LOS ANGELES — The Ports of Los Angeles and Long Beach are working with Singapore to establish a green shipping corridor. The route from Asia across the Pacific will center around low- and zero-carbon shipping fuels and digital efforts to help deploy low- and zero-carbon ships, according to a statement from the Port of LA released Monday.

The collaboration is one of the first announcements to come out of the 27th United Nations Climate Change Conference in Egypt, which kicked off Sunday and will run through Nov. 18. A forum for countries to discuss actions that can help mitigate climate change, COP27 issued a green shipping challenge for governments, ports, maritime carriers and cargo owners to take meaningful steps to decarbonize the industry.

Shipping currently contributes about 3% of global greenhouse gas emissions, but that carbon footprint is likely to grow if the industry continues with business as usual, according to the International Maritime Organization.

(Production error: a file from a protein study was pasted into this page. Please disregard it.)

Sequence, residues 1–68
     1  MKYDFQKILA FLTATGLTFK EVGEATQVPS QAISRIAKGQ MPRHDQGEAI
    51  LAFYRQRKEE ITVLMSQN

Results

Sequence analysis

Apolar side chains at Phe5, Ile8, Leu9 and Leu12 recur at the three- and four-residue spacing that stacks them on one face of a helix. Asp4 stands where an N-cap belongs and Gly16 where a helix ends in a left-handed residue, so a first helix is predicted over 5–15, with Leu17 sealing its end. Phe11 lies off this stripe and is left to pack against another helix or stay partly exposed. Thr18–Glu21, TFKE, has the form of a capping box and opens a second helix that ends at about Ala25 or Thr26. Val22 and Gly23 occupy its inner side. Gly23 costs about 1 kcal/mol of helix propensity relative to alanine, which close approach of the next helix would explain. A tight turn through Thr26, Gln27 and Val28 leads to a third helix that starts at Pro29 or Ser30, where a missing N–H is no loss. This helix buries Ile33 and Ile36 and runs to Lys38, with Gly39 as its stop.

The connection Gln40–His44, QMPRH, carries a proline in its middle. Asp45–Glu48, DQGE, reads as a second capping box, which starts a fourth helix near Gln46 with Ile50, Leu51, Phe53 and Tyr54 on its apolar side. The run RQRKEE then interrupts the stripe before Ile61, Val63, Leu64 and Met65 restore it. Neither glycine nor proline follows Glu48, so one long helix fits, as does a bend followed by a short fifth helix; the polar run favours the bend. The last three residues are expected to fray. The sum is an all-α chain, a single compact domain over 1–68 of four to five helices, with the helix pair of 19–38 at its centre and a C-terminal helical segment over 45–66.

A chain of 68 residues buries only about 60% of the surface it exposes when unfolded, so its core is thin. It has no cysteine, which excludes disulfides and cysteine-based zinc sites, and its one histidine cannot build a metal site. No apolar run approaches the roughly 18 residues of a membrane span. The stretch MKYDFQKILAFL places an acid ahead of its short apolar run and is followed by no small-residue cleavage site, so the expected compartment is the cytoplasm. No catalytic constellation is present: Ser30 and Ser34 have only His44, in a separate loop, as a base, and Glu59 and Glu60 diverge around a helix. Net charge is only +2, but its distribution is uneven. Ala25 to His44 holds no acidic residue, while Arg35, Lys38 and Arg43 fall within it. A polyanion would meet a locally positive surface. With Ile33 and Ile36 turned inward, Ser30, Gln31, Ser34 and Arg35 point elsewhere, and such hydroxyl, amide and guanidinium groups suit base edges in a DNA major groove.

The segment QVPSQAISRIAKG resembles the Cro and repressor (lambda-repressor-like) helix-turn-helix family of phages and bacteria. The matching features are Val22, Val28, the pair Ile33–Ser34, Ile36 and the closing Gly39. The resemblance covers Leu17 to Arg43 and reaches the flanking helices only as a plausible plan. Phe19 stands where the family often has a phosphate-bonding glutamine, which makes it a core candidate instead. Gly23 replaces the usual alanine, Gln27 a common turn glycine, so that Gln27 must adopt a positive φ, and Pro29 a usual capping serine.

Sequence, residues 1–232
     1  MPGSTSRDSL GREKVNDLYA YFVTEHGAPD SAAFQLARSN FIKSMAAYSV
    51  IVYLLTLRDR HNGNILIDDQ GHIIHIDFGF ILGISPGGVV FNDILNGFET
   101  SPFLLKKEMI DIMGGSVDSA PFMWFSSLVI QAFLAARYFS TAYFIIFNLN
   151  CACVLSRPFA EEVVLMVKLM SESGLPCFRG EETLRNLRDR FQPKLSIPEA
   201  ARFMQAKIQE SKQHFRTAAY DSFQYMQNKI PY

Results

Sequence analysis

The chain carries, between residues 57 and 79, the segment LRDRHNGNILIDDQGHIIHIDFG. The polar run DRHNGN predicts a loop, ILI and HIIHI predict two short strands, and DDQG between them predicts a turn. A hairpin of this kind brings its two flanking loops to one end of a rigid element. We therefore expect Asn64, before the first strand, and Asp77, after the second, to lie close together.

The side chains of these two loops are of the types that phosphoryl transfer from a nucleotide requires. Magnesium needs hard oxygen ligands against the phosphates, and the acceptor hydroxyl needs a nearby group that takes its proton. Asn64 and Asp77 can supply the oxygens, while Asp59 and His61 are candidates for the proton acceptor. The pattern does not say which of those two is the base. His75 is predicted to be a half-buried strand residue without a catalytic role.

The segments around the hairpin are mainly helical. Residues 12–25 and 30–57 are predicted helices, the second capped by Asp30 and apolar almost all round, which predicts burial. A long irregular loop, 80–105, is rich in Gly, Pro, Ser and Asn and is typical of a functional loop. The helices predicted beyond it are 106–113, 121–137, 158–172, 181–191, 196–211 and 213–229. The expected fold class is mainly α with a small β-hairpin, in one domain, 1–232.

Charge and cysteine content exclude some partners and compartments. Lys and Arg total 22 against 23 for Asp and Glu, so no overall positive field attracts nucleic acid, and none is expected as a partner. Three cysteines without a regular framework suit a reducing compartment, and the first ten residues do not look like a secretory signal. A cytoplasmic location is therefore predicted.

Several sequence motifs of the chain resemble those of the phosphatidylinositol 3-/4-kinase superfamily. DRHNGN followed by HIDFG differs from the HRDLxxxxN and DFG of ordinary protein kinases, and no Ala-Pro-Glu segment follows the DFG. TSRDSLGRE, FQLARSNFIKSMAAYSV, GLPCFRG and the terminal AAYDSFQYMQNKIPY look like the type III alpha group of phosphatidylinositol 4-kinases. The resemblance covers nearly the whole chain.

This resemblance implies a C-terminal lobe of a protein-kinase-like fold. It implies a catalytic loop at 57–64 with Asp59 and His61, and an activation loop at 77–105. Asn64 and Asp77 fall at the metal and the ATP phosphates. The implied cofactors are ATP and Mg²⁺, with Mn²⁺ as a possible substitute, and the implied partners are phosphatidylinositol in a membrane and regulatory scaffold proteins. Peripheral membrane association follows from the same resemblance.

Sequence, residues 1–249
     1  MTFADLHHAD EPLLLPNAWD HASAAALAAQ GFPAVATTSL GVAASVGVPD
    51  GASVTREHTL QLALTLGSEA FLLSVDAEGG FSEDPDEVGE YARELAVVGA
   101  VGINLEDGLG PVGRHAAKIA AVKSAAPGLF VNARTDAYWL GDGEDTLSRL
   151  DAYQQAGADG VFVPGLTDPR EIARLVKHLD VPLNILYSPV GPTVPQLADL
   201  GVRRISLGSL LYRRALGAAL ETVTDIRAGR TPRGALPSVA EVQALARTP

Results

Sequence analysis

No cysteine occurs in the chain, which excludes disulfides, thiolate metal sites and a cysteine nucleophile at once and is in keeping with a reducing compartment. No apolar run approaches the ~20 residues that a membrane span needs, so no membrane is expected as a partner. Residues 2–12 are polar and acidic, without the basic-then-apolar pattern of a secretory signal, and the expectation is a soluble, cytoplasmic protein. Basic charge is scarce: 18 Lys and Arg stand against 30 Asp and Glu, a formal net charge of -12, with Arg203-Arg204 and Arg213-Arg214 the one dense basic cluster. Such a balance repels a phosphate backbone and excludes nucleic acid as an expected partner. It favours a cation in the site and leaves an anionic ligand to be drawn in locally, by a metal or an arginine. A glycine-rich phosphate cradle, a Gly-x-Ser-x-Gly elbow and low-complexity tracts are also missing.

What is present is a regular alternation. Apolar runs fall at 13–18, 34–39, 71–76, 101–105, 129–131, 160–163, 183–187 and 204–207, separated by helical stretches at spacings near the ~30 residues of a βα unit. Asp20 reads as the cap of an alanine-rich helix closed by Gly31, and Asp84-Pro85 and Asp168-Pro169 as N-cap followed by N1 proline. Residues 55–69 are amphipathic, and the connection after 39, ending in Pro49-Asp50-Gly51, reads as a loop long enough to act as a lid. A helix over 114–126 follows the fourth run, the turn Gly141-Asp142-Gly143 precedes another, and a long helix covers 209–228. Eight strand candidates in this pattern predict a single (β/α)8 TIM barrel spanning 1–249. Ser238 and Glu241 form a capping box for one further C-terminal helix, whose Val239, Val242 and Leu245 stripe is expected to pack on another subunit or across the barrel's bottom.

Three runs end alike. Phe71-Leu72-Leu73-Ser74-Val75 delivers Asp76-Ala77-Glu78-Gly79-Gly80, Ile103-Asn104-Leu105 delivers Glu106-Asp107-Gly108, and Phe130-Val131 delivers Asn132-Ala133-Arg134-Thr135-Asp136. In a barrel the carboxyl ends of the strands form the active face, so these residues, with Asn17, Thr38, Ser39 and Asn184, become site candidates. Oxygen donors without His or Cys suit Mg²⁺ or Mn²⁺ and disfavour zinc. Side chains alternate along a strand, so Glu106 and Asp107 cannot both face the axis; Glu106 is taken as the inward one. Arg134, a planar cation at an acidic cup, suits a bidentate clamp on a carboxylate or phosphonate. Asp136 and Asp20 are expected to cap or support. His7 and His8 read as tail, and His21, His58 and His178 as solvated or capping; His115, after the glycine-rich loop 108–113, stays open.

“Reducing greenhouse gas emissions in the maritime supply chain is essential, and this trans-Pacific partnership will help us build a network of ports and key stakeholders to help decarbonize goods movement throughout the Pacific region,” Port of LA Executive Director Gene Seroka said in a statement.

“Decarbonizing the supply chain is the future of our industry, and partnerships like this on the world’s most important trade route are important for fulfilling that ultimate goal,” said Port of Long Beach Executive Director Mario Cordero.

Trans-Pacific shipping is the largest North American trade route, accounting for more than 20 million container units annually, according to the Journal of Commerce.

Under the green shipping corridor agreement, the ports of LA, Long Beach and Singapore will work with the C40 Cities Climate Leadership Group to quicken the pace of low- and zero-emissions strategies and to develop sources for green fuel.

“Accelerating efforts to decarbonize the shipping sector is urgent if we are to limit global heating to 1.5 degrees Celsius,” said C40 Executive Director Mark Watts. “This initiative has the potential to serve a range of carriers and routes by reimagining infrastructure designs and operational best practices.”